Lutana Haan recently was quoted in the article “Career Pathways Move Respiratory Therapists (RTs) Forward Through Degree Advancement” published by the American Association for Respiratory Care (AARC). The AARC is a non-profit professional association for respiratory care and allied health professionals interested in cardiopulmonary care.
The article outlines the importance of the AARC Career Pathways Committee which works to fill the gap of knowledge in understanding how RTs can expand their career after receiving an undergraduate degree with the appropriate degree completion programs. They additionally strive to keep students competitive and focused on furthering their education. In doing so, the article further defines the gap most RTs experience is understanding which completion programs can further their career.
Through this exploration, quotes from Haan and Ellen Becker, AARC Career Pathways Chair, help identify the gap of knowledge students lack by identifying the purpose of certain programs. “There are multiple paths to being able to sit for the NBRC, RRT credentialing exam,” said Haan. “I believe students have very little understanding of the difference between the various types of associate degrees.”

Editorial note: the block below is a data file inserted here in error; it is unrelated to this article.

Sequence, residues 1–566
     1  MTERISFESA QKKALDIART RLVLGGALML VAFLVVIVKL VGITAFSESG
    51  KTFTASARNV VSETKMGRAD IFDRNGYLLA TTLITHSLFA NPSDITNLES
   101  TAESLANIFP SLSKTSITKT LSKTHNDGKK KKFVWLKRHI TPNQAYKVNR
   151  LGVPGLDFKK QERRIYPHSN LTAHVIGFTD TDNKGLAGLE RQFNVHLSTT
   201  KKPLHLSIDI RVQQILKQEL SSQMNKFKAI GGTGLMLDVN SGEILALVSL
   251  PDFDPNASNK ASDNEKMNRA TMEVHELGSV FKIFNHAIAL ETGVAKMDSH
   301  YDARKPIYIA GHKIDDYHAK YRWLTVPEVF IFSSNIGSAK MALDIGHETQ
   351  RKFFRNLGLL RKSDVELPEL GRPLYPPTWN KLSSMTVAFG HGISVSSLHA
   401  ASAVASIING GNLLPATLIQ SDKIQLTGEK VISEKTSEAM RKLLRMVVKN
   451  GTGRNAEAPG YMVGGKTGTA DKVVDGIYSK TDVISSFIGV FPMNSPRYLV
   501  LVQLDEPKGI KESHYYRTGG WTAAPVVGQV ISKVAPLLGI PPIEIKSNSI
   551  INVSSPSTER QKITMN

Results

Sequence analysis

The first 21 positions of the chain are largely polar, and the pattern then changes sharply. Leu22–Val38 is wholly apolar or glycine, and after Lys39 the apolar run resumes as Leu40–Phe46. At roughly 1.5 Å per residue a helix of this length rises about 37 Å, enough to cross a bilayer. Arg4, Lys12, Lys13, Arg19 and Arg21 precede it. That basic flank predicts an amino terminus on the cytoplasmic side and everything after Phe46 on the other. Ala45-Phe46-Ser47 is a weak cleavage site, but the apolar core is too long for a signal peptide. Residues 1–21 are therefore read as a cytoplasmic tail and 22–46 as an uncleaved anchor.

The article then outlines degree paths for students, “What’s the difference between A.S. and A.A.S.” asked Becker. “The associate of science (A.S.) degree program prepares students for transfer to a four-year institution, while an associate of applied science (A.A.S.) degree program is a career program preparing students for employment.”
“Students need to be aware, as well as programs, what this means to graduates seeking a bachelor’s or master’s degree,” says Haan. “Forming strong partnerships with baccalaureate programs is critical to set up graduates for a smoother path,” said Becker. The remainder of the article explains ways educators of undergraduate RTs can help shape a career path for their students and fill the gap of knowledge within their classrooms.
To learn more, read the full article here:
“Career Pathways Move Respiratory Therapists (RTs) Forward Through Degree Advancement”.